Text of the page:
Social Justice Snakes and Ladders

Teach your students about social inequality with this classic board game

Most people know the board game Snake and Ladders. You may even have a version of it at home that you may be able to adapt for your purposes. You can also find printable templates of the game online (e.g. here). Of course you can create an entirely new set if you like and have the skills!

More important are the rules - this is where your creativity and perhaps some research is needed to make this an effective activity. You need to create the reasons for a player to either advance ahead or is hold back. These reasons shouldn't be randomly picked and are best backed up with some solid evidence (that's where the research comes into it). You can cover any type of social injustice and also define a specific context to frame the issue. Players can play with differently coloured game pieces which represent the privileged vs. the disadvantaged group. Different rules will apply to the different colours (i.e. groups).

For example, the issue of gender inequality in the work world. There could be two player types - blue representing men, red representing women. Most obvious reasons for set-backs for women could be baby-break, low aspirations for leadership aspirations, passed over for promotion, child sick etc. Typical reasons to advance for a man could be a promotion or a pay-rise. In order to not make the game too one-sided and more importantly to demonstrate that gender stereotypes are hurting men as well as women, also make sure you introduce some less obvious set-backs and advances. For example, a set-back for a man could be: you're a teacher, wrong career choice or you're not getting flexible hours to look after your child. Also some advances for women could be: you get paid parental leave or you can work from home when necessary.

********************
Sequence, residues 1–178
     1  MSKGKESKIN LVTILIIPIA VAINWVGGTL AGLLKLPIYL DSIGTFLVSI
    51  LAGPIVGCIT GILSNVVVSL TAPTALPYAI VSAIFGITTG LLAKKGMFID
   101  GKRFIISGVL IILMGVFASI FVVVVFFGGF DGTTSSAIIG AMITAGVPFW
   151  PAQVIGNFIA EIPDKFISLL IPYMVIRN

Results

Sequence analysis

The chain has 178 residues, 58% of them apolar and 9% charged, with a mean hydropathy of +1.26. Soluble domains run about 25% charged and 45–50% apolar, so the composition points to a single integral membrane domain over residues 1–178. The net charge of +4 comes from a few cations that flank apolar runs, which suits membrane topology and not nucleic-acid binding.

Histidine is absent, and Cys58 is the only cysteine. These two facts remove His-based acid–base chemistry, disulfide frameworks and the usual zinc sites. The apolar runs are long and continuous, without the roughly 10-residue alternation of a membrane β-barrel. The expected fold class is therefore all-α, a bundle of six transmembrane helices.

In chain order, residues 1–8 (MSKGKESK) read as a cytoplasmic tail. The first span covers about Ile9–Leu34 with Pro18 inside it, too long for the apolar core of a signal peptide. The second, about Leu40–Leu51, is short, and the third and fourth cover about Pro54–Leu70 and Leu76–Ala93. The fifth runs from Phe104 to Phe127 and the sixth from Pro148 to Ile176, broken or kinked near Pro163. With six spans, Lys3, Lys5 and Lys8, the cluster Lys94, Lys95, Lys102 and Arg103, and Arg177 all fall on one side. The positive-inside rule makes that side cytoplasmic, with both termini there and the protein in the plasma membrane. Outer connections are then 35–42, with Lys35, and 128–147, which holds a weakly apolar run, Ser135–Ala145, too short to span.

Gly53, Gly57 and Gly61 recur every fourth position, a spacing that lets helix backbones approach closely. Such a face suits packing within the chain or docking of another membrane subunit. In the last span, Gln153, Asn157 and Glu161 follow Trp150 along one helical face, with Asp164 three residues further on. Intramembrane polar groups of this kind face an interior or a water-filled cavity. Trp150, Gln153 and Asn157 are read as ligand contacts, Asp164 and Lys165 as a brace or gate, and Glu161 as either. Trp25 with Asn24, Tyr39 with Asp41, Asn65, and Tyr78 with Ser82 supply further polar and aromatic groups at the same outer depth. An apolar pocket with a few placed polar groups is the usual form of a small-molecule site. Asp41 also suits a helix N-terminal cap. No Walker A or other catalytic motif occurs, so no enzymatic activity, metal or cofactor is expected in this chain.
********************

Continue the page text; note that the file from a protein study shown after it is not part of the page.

It's completely up to you to create these rules - but the more evidence you provide to back these rules up (e.g. studies, statistics) the better. You should definitely follow up the game with a guided discussion.

Resources: old Snake and Ladders game, printer, computer, internet, paper